[AMRadio] HV Wire

D. Chester k4kyv at charter.net
Mon Dec 25 15:35:50 EST 2006

One of my transmitters uses HV wire salvaged from a military surplus BC-339 
(think I  recall the name of the rig correctly) that I parted out.  It ran a 
pair of 833A's CW/RTTY only, with 3-phase power supply, with a tuning range 
of something on the order of 4 to 20 mHz.  It could easily have been 
modified to run 75/80m, and a modulator added.  In fact, there is at least 
one on the air, converted by Mike W4AEE in Nashville, and later sold to 
another hom on the east coast.

That HV wire is solid #14 tinned copper, with rubber insulation, covered 
with a cloth jacket, and the whole thing is encased in a lead sheath, with 
outside diameter of about 9/16".  I removed the lead sheath and used the HV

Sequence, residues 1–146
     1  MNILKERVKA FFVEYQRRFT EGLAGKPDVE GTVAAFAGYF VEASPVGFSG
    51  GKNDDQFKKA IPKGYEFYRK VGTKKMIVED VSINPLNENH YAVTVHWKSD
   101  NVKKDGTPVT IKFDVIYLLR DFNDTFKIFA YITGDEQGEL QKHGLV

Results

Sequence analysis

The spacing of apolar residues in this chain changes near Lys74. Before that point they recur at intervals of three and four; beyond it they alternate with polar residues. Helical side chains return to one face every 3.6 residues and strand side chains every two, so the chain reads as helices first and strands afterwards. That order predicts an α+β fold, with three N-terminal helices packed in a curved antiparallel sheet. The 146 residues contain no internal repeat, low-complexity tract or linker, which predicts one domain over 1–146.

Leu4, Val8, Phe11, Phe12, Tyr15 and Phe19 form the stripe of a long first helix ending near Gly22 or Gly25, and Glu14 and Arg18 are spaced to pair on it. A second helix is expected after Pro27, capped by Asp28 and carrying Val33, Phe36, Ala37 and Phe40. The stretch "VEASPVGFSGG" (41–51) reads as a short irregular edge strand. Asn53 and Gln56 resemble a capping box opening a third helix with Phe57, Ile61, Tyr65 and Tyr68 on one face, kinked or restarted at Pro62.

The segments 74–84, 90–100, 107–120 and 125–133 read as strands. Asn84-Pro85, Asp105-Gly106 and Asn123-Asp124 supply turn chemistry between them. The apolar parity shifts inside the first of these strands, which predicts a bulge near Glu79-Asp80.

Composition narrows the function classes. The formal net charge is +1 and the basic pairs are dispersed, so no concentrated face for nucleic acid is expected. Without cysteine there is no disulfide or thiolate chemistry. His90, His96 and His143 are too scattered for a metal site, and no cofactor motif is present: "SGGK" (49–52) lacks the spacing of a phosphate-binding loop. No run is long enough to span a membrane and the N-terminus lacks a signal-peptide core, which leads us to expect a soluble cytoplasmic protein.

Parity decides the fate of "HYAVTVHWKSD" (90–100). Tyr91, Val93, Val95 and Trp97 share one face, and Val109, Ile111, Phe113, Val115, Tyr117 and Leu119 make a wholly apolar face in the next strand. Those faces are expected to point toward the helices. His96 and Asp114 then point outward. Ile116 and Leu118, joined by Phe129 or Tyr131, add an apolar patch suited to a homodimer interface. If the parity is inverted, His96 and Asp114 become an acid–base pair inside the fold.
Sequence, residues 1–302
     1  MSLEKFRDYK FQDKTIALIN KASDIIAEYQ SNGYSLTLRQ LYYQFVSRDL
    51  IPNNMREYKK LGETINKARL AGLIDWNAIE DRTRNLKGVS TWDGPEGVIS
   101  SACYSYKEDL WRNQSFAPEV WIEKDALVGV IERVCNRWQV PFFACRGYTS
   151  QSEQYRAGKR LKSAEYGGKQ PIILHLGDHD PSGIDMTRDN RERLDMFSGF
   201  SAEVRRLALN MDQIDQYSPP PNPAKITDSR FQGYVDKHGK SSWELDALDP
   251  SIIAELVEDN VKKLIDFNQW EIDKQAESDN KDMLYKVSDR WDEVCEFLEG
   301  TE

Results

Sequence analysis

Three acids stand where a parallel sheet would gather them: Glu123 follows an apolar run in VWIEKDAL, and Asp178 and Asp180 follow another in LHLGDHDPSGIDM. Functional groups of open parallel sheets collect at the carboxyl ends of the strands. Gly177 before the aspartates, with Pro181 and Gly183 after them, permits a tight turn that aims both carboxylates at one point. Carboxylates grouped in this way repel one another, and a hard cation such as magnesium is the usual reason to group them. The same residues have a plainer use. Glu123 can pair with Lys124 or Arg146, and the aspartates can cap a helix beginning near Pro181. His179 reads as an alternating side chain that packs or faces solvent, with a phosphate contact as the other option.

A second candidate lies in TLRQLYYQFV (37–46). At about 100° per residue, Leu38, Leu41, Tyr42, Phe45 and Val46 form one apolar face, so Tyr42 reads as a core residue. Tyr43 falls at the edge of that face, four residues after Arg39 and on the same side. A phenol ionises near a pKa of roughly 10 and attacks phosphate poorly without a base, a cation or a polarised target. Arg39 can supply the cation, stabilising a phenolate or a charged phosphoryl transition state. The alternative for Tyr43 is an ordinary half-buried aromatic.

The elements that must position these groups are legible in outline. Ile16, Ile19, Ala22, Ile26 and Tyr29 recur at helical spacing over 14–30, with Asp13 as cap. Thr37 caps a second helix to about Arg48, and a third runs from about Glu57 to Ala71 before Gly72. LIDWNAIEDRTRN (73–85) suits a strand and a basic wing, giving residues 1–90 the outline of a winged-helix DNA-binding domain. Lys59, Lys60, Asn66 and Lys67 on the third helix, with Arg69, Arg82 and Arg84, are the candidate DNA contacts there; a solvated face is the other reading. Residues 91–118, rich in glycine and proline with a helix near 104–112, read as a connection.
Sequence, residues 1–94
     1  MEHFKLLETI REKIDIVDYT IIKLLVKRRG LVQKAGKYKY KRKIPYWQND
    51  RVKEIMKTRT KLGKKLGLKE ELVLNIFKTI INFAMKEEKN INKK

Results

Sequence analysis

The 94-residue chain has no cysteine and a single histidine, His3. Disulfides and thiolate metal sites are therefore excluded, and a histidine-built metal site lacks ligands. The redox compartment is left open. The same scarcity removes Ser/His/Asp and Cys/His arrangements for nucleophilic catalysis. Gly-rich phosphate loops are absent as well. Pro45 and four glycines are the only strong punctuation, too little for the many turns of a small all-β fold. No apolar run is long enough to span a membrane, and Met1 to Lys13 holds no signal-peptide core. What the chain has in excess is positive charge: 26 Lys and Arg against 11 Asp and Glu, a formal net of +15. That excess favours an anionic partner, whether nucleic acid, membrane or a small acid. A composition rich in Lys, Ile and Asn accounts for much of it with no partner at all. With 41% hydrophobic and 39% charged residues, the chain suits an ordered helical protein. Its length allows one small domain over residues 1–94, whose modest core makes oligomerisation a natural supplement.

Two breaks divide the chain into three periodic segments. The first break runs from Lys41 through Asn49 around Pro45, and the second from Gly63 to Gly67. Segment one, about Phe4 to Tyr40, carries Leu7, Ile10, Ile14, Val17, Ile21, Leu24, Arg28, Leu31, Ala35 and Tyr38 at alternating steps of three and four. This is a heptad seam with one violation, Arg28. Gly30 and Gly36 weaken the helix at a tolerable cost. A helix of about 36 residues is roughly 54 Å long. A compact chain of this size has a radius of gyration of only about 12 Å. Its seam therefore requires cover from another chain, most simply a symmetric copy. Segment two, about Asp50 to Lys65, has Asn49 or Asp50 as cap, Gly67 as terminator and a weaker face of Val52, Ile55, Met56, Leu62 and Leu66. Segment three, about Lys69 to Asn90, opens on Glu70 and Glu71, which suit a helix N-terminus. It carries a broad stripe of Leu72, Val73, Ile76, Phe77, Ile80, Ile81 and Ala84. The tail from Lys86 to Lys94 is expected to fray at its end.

wire inside.  I like it because it is flexible enough to easily bend, but 
rigid enough to retain its form when bent.  I would have kept the lead 
sheath if I had just started building the rig up from scratch, but since I 
used the wire to replace the rubber test lead wire I first used, the lead 
sheathing made it too rigid to pull through the wiring of the transmitter.

I have seen other military rigs that use lead-clad insulated wire.  It is 
rugged and provides shielding.  The lead sheath also helps prevent the 
insulation from drying out and becoming brittle.

I originally used red rubber covered test lead wire in my rigs, but the 
problem is that the internal heat generated by the transmitter quickly dries 
out the rubber insulation and it begins to crack and actually fall off the 
wire.  That's why I had to replace the HV wire in that transmitter after 
only about 15 years.  I would not recommend the stuff for the purpose.

Don k4kyv


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